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Let $G$ be a primitive permutation group of degree $n$, that is $G$ acts transitively and faithfully on a set consisting of $n$ elements and $G$ preserves no nontrivial partition of $X$. In a sense primitive groups are the 'simple' permutation groups.

For example one can show that a primitive group has at most 2 minimal normal subgroups. this can be regarded as a 'width' result.

My question is about the 'depth', namely:

Let $G$ be a primitive permutation group of degree $n$, Let $1\lneq G_m\lneq \cdots\lneq G_0=G$ be a strictly decreasing sequence of normal subgroups of $G$. Is there a good bound for $m$ in terms of $n$?

A stupid bound is $m\leq \log_2(n!)$. My guts feeling is that $m$ should be at most $n-1$, because it feels that every subgroup in the sequence should contribute at least one element to the orbit of a point.

Edit: I ran a computer check in the meanwhile up to degree $n=50$, and it turns out that $m$ is bounded by $n-1$ in this region. Moreover $m$ grows much slower than $n$, e.g., it never exceeded $7$.

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I'm even wondering whether there are examples of transitive permutation groups (not necessarily primitive) for which the number of chief factors exceeds the degree... –  Tom De Medts Jun 23 '11 at 9:33
    
If the chief factors are transitive it is exactly the same. –  Lior Bary-Soroker Jun 23 '11 at 15:38
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1 Answer

up vote 5 down vote accepted

I have been trying to find results in the literature on this topic, but finding it frustrating. The difficulty is that estimates on composition and chief series lengths of various types of groups are typically studied not as end in themselves, but as a means to proving other results, such as bounding the minimal generator numbers of groups.

But it is certainly possible to prove a bound that is linear in $n$ for general permutation groups of degree $n$ and logarithmic in $n$ for primitive permutation groups. It is harder to get sensible estimates of the constants involved.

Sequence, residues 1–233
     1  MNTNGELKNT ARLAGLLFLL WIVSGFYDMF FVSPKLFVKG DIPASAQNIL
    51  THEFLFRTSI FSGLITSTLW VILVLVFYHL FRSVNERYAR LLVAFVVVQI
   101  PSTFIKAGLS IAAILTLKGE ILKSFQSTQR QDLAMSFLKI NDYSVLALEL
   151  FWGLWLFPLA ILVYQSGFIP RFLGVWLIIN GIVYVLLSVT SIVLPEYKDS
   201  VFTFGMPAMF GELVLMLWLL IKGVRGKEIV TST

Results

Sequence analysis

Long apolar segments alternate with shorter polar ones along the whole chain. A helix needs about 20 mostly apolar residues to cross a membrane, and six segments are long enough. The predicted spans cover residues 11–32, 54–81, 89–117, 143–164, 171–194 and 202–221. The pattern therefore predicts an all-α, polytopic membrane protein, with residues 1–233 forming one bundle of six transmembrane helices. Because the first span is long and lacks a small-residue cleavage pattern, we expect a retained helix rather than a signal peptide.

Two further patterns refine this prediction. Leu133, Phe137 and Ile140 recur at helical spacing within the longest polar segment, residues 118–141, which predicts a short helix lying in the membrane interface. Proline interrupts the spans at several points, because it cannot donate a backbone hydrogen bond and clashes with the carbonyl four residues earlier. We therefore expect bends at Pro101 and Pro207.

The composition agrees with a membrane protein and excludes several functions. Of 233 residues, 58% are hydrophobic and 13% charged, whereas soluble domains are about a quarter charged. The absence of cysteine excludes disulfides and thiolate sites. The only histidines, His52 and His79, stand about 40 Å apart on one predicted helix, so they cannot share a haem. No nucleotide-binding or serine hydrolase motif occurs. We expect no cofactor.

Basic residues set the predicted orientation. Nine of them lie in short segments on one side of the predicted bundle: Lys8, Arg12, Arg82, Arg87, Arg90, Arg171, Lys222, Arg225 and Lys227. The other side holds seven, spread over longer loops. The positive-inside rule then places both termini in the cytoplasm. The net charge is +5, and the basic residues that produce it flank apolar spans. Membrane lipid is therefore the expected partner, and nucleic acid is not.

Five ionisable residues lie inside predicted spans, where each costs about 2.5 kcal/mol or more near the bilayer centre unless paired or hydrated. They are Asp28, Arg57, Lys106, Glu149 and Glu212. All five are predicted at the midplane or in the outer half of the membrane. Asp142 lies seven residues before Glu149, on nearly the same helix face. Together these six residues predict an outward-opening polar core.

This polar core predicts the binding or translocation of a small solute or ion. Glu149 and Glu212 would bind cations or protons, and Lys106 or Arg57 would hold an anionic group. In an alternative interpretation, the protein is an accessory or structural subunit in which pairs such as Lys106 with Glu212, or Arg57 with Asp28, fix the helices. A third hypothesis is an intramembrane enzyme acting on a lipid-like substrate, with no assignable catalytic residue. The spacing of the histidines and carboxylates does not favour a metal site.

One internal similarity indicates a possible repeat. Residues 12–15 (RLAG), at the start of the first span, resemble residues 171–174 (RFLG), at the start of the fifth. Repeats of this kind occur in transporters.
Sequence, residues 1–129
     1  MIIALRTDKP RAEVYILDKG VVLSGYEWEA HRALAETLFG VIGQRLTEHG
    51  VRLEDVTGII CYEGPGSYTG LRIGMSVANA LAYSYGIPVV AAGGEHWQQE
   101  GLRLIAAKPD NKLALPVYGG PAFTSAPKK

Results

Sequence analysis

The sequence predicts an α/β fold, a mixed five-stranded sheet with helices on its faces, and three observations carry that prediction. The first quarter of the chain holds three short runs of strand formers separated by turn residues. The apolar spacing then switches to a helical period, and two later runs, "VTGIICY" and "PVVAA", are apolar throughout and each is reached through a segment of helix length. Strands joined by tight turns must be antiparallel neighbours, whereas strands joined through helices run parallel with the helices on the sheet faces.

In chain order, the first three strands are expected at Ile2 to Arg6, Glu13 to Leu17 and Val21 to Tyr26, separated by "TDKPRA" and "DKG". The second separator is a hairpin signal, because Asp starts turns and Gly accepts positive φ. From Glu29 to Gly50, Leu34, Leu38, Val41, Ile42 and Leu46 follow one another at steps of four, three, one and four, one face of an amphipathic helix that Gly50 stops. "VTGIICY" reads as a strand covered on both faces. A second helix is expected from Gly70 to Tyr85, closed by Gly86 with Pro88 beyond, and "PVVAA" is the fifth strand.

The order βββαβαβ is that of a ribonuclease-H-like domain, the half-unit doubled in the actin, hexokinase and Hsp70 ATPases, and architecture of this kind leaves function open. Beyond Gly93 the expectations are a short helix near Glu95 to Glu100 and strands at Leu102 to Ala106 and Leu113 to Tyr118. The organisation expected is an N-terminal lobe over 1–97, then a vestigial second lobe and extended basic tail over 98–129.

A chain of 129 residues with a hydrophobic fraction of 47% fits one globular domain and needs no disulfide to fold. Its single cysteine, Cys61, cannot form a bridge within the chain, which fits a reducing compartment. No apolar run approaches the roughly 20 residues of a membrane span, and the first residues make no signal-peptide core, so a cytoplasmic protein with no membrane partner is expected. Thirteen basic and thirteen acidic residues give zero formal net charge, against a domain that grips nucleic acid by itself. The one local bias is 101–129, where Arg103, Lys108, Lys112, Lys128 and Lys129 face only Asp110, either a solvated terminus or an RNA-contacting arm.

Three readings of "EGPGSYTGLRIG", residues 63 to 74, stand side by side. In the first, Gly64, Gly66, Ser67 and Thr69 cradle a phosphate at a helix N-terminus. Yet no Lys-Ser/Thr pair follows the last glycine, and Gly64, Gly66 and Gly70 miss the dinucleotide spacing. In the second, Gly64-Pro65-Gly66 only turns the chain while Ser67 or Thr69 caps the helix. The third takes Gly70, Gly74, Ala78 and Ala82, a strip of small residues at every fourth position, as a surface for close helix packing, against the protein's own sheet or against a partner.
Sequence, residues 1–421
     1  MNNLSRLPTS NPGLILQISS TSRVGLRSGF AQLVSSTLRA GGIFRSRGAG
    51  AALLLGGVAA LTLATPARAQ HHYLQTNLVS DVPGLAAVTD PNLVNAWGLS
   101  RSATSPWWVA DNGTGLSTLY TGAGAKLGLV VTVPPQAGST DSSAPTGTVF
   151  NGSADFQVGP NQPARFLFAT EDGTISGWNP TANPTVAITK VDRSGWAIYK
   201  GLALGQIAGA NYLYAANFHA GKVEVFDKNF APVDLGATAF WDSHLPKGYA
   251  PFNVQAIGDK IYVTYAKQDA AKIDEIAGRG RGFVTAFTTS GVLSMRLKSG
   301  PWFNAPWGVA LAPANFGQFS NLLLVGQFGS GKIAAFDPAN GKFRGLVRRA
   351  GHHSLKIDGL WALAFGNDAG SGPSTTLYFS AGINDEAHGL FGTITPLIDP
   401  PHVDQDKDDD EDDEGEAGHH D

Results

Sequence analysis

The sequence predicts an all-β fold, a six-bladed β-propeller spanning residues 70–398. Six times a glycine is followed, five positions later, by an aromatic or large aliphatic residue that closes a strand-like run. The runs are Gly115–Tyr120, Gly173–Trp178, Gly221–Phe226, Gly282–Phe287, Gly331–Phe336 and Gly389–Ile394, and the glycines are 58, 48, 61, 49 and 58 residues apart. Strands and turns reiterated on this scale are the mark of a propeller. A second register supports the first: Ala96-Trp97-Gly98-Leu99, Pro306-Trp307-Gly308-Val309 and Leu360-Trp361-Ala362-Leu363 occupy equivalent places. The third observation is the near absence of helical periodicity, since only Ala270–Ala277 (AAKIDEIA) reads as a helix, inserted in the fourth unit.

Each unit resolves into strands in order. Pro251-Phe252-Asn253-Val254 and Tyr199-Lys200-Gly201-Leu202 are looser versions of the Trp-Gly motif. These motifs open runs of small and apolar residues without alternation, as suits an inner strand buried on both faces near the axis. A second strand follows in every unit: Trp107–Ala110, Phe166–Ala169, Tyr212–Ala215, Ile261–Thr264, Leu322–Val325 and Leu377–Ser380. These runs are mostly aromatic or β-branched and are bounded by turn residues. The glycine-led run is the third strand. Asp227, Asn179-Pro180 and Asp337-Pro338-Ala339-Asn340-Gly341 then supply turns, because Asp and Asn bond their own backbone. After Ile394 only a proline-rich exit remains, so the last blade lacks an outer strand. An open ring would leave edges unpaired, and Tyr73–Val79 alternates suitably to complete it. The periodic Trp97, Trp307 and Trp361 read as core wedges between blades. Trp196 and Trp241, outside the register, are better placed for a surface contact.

It is proved in:

Cameron, P. J.; Solomon, R. G.; Turull, A. Chains of subgroups in symmetric groups. J. Algebra 127 (1989) 340--352.

that any chain of subgroups in $S_n$ is less than $3n/2$.

To study primitive permutation groups, you can use the O'Nan-Scott Theorem. For the affine case, the group $G$ is a semidirect product of elementary abelian $n=p^d$ with an irreducible subgroup of ${\rm GL}(d,p)$. In Theorem 2.3 of

Lucchini, A.; Menegazzo, F.; Morigi, M. On the number of generators and composition length of finite linear groups. J. Algebra 243 (2001) 427--447.

a bound is established on the composition length of a completely reducible subgroup of ${\rm GL}(d,p)$ that is linear in $d$ and logarithmic in $p$, so we get a bound on the composition length of $G$ that is logarithmic in $n$.

For the other cases of the O'Nan-Scott Theorem, the socle of $G$ is a direct product of isomorphic nonabelian simple groups, and the number of direct factors is logarithmic in $n$, and we can use the Cameron et al result to bound the composition length of the section of $G$ that permutes these factors. You still have to estimate the composition factors involving the automorphsim groups of these simple factors, but they cannot be very large compared with $n$, so it is possible to get the logarithmic bound.

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